A strict reading of this statute might make you think that wearing a music player runs afoul of the law.

But wait….almost everyone cycles with their phone these days.  And isn’t it true that most people use their cell phone/device as both a phone and a music player?  How would a police officer know if I was wearing an ear bud for phone call purposes or for music listening purposes?

I guess that technically a police officer wouldn’t know the difference.

So, net/net – is it OK to wear earbuds while cycling?

That’s a really interesting question – and I’m not about to give legal advice!  I suggest that you learn and know the laws applicable to where you live and exercise at least a modicum of common sense.

Truth be told, I wear one ear bud often when cycling.  But only if I’m going alone and on a route that does not typically have much traffic.  I always have the earbud in my right ear (facing away from traffic) so that I can better hear passing cars or other cyclists.  When I do wear an ear bud, I don’t have my music so loud that I can’t hear other things.

As an FYI, I found the infographic below this morning laying out the various state laws.  I have absolutely no idea how accurate the information on here is, but it at least gives a starting perspective as to state statutes relating to wearing headphones or earbuds while operating a vehicle.

Good luck and be safe!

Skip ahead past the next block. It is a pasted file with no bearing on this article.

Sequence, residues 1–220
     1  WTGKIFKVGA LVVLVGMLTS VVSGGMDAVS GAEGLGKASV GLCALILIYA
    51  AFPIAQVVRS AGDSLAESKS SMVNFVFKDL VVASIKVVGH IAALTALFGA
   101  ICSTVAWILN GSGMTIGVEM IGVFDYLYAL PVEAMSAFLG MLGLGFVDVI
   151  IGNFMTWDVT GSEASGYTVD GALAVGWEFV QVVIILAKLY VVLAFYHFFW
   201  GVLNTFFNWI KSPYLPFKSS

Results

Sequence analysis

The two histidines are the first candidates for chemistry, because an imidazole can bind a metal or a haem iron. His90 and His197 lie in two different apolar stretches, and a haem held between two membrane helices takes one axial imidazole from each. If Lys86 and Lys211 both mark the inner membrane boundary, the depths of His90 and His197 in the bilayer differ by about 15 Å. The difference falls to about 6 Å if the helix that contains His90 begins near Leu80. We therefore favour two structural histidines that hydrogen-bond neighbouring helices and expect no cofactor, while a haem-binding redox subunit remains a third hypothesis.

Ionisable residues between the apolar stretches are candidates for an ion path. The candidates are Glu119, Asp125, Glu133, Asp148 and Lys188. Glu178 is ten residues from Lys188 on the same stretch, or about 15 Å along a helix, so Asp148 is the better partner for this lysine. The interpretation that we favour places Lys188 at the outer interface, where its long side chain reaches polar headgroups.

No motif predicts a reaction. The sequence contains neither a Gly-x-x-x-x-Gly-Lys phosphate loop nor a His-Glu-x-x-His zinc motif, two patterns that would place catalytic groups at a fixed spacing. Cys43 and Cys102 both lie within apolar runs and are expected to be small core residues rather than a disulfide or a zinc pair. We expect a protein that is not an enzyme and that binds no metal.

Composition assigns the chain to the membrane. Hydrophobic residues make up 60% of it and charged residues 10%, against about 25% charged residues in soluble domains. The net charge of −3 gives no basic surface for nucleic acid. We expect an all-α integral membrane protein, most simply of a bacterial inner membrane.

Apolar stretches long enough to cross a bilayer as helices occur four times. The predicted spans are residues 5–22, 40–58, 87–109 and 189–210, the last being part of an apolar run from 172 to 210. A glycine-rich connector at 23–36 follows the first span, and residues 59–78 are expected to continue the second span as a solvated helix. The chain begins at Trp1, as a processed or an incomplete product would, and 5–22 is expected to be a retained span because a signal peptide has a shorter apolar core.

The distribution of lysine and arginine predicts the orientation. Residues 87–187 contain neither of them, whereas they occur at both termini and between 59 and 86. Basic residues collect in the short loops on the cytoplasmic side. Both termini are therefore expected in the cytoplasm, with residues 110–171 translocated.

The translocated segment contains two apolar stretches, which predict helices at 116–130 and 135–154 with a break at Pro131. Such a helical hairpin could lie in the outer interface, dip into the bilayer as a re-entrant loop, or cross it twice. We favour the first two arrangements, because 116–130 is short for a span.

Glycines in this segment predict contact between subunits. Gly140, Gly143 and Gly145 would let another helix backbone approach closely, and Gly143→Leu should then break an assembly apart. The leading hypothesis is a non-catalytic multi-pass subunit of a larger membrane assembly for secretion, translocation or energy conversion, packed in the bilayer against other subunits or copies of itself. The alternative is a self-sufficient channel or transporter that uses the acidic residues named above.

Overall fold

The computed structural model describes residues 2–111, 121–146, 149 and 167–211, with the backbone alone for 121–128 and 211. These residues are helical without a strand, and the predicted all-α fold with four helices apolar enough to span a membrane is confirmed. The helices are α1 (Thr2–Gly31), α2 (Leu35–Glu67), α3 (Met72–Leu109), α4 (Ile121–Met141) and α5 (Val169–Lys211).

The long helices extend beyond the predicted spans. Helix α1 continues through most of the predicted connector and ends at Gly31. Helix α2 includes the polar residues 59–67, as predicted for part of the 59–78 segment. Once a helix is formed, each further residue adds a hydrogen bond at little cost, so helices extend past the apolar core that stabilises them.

infograpgic_final_2

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Flexibility of a Brick

Over the past two years, I have had a never ending series of little injuries.

The injuries stated with a torn plantar fascia.  That was followed by a wicked bout of peroneal tendinitis.  Then the top of my foot started hurting.  Finally it was a sore hamstring & glute.

I was beginning to think that I couldn’t win for losing.  Seemingly, as soon as I started to recover from one injury, another would pop up.

I’ve been a pretty good patient.  Physical therapy, rolling, trigger point treatment, icing, reducing the length and effort associated with workouts.  You name it, and I’ve tried it.

While there may well be some other underlying issues around my running style and gait, shoe selection, weight (yes, that’s a biggie), and more, I’m becoming more and more convinced that the root cause of many of these injuries lies in the fact that my tendons and muscles basically have the flexibility of a piece of stone.